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Faith Q&A Series Introduction

Does God exist? Is the Bible true? Is the Bible reliable? Why does the Bible sometimes seem to contradict itself? Why does God answer some prayers and not others? Why does evil exist? Where did evil come from? Did God really create the universe in six days?

If God knows all things, including the future, then how can we have free will? If we have free will, then is it possible that our decisions could surprise the all-knowing God? If it is true that God has a sovereign plan and it can’t be changed, then why bother with prayer? Why express faith at all?

Why does God heal one person and not another? Why do evil people sometimes enjoy great success in life? Why do righteous people sometimes suffer terribly? Why are so many Christians hypocrites? Why are some Christians greatly blessed while others face fierce persecution?

If God is the Sovereign Creator, then why did He set the universe in motion if He knew it would turn into such a mess?

These are faith questions.

We all have them. For some, they represent nothing more than irritants to faith. For others, they are debilitating cancers that weaken faith — and even kill it.

Which leads to other faith questions. Why do some people believe so easily while others struggle terribly? Where does faith come from? Is it the result of nurture? Is it based on family and community and experiences and traditions? Or is it the result of nature? Is it based on the hard wiring of our intelligence quotient, temperaments, and personality? Why do we see life so differently? Why do some highly respected scientists believe in God? Why do others reject even the possibility of God?

Why? WHY? WHY!!?

In this series of articles, we’re going to explore some of these faith questions. As you know, Q&A stands for questions and answers. From the start of this series, I want to be very clear about one thing: I am an expert in asking questions; I am not an expert in answering them.

Forty years ago, I was an expert in answering faith questions. I had confident answers for nearly every question people threw at me. In fact, I was so confident I would throw answers at people who weren’t even asking questions. In my spiritual immaturity, I was very zealous — and I was convinced I was right.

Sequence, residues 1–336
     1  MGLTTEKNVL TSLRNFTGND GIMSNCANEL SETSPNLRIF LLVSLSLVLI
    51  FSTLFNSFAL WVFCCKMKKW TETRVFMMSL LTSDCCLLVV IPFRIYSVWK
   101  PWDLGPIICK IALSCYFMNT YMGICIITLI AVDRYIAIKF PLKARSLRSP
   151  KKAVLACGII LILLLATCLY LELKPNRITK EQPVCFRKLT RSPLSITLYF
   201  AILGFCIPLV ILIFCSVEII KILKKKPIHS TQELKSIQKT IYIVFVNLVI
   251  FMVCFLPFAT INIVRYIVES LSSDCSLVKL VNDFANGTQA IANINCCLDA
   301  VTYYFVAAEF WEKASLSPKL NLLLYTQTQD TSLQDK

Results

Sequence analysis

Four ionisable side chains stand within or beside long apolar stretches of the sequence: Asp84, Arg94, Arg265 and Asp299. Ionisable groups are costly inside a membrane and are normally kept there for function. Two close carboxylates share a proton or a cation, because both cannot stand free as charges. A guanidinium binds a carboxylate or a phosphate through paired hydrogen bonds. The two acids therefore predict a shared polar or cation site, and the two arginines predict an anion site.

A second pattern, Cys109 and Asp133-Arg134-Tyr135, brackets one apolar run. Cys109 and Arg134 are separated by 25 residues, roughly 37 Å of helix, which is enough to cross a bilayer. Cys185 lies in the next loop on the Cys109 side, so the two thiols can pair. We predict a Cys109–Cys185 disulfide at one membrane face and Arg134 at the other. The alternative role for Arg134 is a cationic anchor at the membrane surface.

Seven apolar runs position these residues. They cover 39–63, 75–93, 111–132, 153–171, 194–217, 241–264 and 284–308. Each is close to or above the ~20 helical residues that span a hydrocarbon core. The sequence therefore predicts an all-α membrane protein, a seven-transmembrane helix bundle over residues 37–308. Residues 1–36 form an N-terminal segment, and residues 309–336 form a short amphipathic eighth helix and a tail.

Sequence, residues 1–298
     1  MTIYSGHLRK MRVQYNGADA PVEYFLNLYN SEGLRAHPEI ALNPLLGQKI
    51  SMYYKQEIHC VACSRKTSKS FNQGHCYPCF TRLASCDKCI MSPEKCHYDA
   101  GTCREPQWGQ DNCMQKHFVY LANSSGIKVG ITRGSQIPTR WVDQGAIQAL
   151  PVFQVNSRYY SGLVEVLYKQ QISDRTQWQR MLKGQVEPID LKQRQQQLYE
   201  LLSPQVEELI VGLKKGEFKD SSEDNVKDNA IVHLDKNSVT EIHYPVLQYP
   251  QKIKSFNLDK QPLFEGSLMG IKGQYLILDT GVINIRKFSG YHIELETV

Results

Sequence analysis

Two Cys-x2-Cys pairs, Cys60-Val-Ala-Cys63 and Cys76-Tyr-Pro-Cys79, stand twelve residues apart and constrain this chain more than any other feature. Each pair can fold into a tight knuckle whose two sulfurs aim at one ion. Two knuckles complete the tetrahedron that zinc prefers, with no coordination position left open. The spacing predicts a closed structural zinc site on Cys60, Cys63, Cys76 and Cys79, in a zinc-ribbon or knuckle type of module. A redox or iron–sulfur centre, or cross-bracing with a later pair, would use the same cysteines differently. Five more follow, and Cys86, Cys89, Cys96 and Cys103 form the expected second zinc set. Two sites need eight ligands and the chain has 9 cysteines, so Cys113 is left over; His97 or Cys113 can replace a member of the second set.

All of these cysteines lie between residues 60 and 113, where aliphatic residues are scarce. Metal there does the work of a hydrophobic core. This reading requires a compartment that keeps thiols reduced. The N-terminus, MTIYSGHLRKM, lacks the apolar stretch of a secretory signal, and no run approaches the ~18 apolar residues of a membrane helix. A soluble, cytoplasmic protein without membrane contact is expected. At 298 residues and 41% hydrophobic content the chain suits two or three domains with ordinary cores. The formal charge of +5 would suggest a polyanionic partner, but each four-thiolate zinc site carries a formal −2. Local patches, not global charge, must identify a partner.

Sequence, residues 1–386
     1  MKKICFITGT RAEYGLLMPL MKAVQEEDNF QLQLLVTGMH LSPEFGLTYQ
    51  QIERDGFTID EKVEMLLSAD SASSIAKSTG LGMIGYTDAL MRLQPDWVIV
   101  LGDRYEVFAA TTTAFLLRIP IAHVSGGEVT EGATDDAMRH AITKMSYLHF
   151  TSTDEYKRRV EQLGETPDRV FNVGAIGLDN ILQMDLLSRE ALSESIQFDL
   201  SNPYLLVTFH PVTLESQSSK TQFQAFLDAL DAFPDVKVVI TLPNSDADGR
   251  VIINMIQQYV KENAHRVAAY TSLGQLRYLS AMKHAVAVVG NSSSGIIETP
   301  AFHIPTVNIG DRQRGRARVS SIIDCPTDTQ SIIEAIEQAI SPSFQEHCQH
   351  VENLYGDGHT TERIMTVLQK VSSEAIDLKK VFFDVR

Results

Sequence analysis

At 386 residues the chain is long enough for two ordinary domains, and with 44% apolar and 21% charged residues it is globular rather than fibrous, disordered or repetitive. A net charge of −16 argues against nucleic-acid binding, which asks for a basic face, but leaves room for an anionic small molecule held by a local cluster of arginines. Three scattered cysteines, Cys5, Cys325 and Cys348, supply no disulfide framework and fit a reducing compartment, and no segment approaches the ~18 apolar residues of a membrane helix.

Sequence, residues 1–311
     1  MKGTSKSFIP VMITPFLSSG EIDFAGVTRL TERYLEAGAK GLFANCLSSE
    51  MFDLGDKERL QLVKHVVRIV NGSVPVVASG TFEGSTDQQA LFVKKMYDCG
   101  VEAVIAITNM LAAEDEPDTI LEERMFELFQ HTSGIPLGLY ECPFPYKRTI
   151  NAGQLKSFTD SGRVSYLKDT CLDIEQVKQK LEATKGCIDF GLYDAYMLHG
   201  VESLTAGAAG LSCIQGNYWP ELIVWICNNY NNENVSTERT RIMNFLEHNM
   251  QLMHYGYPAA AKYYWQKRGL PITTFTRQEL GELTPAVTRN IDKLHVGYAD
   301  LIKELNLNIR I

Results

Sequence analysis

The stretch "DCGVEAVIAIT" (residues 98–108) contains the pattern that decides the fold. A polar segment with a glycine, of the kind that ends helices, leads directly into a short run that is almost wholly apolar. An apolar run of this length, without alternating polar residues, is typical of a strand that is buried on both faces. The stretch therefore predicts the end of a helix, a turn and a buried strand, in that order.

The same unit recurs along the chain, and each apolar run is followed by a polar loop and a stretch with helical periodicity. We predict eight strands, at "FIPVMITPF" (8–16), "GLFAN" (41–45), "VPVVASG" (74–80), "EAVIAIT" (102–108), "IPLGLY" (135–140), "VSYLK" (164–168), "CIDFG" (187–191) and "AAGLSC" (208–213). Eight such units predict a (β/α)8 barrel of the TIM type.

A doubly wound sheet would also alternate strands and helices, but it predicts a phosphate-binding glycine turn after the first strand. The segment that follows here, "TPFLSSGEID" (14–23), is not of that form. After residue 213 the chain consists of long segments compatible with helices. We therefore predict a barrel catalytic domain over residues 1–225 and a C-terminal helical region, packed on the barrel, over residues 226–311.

And then the storms of life hit. The rain came down hard. The sand of my arrogance began to shift under my feet. The more I suffered, the less I knew.

A friend once said to me, “I used to have five theories about parenting. Now I have five children and no theories.” I don’t think that quote was original to my friend, but she had five kids, so I’ll cite Debbie as the authority.

When I was 19, I had hundreds of answers. Now I’m 59, and I have hundreds of questions.

When I was 19, I was confident in myself. At 59, my only confidence is in the solid Rock grace and mercy of God.

Life has been tough. It has been filled with death and loss and the painful stabs inflicted by friends and loved ones. I have encountered seasons when I was very disappointed in God, and my faith was nearly gone.

The flood of life’s suffering has eroded away some of my sandy cockiness and arrogance. I now understand just how little I know. Maybe that’s what Paul was feeling when he wrote, For we know in part, and we prophesy in part, but when completeness comes, what is in part disappears. When I was a child, I talked like a child, I thought like a child, I reasoned like a child. When I became a man, I put the ways of childhood behind me. For now, we see only a reflection as in a mirror; then, we shall see face to face. Now I know in part; then I shall know fully, even as I am fully known — I Corinthians 13:9-12.

While I now have more questions than answers, my faith is not weaker. The erosion of sand has revealed the unmovable and unchangeable Rock of God. My faith is stronger today than ever because it is in God and not in me.

And while I have grown, there is still much sand that needs to be washed away. God is going to send more suffering my way. Why? Because I know He loves me too much to let the sand remain. I now understand that the remaining Rock is all that matters. Father, if suffering is what it takes to wash away the sand, then let it rain.

I’m a bit shocked that I just wrote that little prayer.

When I was 19, I prayed for God to bless me.

How strange, at 59, to pray that He would let me suffer.

Maybe, just maybe, I am becoming less childish.

Maybe there’s less sand under my feet. If so, to God be the glory.

Over the next few months, we’re going to take on some of the big questions of faith. I invite you to go on the journey with me. Will we find answers? We might. What I pray is that the sand will be washed away, leaving behind the solid Rock upon which our faith can stand. Father, let it be so. Amen.